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Surrealistic Planet

Legacy of a Hated God by Patrick Samphire

The Mennick Thorn series comes to an end in the best, most epic of ways!

I maintain writing is like weaving. The best stories bring threads together, carefully applying the warp and the weft to highlight some elements, while hiding others for later. To do this over a series of four books presents an enormous challenge for any author. Patrick Samphire succeeds with aplomb!

One of the things I've loved most in Legacy of a Hated God is the way threads from earlier books appear, fade, only to reappear again. Shadow of a Dead God establishes the magic system. In Nectar for the God the role of The Wren and Nik's mother, High Mages, comes into focus and his relationship with Benny goes sour. Strange Cargo sets up the conditions for the final part of the series. It means, by the fourth instalment, characters are familiar, thoroughly explored and utterly engaging. They are human (OK, apart from the monsters and the gods!) and have their frailties and failings. Those very qualities underpin the stories. Patrick Samphire's plots are founded on these weaknesses. Though the stories may be fantasy, you see these people everywhere you look. Just because it's fantasy doesn't negate the need to provide social commentary!

Nik is the type of hero that fits perfectly within this theme. He is the person we would all like to be. That person who doesn't question personal safety, who supports those who are vulnerable for no other reason than no one else will. His integrity is rock solid and we'd all like to be that way, few of us are. To illustrate, part of the plot revolves around his reaction to the death of a minor character in an earlier book. That reaction costs him dearly but at no point does he ever regret his actions. He accepts the consequences and moves on.

Nik's stories fall into the fantasy mystery genre and they typify it perfectly. The mystery is established at the beginning and events misdirect us when we think we're being fed accurate information. Like a conjurer, the author needs to completely surprise us in the end because the denouement is not what we expect. Yet, with closer inspection, you realise the answers were there all along! These stories are labelled as being akin to Jim Butcher's Dresden Files and I can see the similarities. Dresden is another man whose heroic deeds leads him to risk his life in pursuit of doing The Right Thing. This conjuring act may not sit well with my weaving analogy, except to suggest parts of the final pattern are never visible until the job is finished. (OK, I've stretched that metaphor as far as it will go!)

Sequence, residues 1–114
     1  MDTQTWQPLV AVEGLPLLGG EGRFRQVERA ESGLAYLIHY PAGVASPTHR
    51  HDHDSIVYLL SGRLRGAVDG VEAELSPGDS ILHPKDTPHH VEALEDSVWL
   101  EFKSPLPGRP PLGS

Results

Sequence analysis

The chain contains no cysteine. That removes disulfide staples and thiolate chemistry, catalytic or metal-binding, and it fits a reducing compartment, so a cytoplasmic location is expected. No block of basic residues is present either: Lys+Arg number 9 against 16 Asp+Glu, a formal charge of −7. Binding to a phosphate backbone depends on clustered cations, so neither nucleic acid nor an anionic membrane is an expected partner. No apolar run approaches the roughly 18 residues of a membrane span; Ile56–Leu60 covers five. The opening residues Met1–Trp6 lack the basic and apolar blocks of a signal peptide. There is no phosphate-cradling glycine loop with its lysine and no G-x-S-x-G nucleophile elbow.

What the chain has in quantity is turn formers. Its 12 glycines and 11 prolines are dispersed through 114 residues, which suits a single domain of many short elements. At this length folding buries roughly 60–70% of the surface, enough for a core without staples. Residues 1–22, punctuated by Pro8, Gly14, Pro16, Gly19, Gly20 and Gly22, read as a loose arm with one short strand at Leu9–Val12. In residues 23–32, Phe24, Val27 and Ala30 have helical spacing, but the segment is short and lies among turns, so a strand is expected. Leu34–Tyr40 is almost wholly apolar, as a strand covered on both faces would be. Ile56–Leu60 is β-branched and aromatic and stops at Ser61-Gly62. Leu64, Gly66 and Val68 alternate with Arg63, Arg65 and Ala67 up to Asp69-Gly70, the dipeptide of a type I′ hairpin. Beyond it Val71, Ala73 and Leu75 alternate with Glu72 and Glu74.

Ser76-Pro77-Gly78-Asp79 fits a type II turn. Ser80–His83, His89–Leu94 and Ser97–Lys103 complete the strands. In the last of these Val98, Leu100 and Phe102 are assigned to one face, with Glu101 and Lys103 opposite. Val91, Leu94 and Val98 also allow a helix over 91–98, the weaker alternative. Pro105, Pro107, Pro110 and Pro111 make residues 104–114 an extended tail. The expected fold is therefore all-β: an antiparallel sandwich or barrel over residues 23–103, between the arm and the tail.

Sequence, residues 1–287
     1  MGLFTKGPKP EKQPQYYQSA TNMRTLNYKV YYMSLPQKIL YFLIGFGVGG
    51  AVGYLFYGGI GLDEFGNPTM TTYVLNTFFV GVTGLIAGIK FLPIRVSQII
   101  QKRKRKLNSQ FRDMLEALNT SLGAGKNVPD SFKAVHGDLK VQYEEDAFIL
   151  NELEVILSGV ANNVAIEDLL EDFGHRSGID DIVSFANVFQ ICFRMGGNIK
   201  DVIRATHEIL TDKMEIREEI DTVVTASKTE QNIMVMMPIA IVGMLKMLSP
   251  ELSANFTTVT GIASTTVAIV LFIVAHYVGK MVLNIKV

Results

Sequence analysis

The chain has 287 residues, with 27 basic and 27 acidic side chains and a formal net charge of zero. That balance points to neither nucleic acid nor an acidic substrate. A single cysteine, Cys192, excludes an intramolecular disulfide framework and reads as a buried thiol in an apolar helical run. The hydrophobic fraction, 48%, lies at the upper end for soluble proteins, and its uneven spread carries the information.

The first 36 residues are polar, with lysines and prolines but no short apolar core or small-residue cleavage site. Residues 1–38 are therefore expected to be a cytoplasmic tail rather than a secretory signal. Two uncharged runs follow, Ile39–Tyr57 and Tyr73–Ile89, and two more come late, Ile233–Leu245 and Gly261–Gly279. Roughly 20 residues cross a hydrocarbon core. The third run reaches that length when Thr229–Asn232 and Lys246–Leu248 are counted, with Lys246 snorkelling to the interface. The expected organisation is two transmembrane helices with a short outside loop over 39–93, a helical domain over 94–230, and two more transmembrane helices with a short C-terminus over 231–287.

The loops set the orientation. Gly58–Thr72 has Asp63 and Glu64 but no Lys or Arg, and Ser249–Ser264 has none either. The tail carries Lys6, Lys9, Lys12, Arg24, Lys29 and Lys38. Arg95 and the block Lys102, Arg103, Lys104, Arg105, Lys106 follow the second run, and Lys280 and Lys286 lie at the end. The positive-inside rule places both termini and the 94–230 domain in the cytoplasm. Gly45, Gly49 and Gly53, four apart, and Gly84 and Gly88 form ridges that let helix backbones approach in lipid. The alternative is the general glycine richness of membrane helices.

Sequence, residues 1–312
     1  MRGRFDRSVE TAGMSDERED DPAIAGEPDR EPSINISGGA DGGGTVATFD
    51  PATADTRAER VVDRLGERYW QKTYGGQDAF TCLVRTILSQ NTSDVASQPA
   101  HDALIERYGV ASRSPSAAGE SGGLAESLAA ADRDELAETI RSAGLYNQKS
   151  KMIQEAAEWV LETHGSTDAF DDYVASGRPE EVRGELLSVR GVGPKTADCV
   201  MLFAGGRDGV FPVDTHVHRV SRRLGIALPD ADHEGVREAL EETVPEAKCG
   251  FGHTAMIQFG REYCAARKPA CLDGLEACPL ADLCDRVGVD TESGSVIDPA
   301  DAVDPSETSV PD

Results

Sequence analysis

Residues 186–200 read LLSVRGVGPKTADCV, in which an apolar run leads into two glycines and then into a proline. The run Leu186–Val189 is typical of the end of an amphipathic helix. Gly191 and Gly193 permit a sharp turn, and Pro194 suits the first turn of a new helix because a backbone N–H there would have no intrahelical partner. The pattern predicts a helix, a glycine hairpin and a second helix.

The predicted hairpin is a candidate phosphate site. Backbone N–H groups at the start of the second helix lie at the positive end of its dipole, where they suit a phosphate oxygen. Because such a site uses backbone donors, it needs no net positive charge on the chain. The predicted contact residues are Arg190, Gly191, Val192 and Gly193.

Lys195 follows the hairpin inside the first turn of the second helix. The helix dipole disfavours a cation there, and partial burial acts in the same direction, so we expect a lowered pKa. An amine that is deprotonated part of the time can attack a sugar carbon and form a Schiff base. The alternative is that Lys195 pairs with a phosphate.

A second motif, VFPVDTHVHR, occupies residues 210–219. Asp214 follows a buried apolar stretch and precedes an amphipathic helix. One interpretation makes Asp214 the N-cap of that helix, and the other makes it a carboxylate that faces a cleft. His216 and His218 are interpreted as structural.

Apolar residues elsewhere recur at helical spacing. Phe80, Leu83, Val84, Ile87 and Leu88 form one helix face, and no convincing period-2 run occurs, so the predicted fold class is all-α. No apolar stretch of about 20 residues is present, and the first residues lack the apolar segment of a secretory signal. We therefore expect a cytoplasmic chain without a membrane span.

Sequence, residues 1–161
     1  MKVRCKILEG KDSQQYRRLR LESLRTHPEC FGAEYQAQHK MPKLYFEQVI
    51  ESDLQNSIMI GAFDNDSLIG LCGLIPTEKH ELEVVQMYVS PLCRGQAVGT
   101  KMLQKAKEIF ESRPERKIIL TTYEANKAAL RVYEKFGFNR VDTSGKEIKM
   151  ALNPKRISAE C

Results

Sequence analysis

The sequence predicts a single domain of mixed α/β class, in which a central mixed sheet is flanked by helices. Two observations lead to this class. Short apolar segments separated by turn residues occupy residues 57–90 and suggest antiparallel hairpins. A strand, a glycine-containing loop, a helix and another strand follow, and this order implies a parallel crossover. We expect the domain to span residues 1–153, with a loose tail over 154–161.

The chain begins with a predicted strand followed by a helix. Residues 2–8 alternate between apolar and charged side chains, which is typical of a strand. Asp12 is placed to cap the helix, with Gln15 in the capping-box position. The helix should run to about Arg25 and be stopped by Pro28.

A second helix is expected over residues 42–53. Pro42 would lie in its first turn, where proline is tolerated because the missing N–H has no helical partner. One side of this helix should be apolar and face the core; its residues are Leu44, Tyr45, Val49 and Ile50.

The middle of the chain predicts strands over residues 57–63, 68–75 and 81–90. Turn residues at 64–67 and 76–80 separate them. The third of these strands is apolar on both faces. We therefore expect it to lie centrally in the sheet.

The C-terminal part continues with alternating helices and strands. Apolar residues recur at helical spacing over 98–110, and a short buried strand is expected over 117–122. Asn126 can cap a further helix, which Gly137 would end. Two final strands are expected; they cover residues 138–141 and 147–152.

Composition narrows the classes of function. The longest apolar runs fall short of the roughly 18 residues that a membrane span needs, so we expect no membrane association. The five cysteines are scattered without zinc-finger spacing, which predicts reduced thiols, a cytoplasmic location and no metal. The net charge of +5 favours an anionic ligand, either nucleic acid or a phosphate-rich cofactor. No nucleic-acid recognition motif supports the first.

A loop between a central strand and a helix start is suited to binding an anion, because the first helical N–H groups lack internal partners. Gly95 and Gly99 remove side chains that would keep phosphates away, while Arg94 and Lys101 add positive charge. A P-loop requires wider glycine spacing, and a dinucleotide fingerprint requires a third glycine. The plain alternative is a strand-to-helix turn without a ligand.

As the author says in his Acknowledgements, I will also miss Nik a great deal. I'm sorry this is the end of his adventures. The story wraps everything up beautifully. I finished the final page and let out a huge sigh of satisfaction. I'm a sucker for a happy ending. That's not a spoiler either. These stories are not that dark. The question is always, HOW can that happiness be achieved? We're promised more short stories and novellas and that provides a crumb of comfort!

I have deliberately not mentioned any events in the story. To do so might compromise the enjoyment of those folk who are about to start reading the series. But the plot is so complex, the threads woven so tightly (oops!) that to lift out certain events belittles that complexity. Suffice to say, the pace never drops. Nik spends most of his time running in this story, from one crisis to another. The result of perfectly sustained excitement.

Go get this book. You will not regret it. And start badgering Netflix and Amazon to get Nik's adventures on screen!

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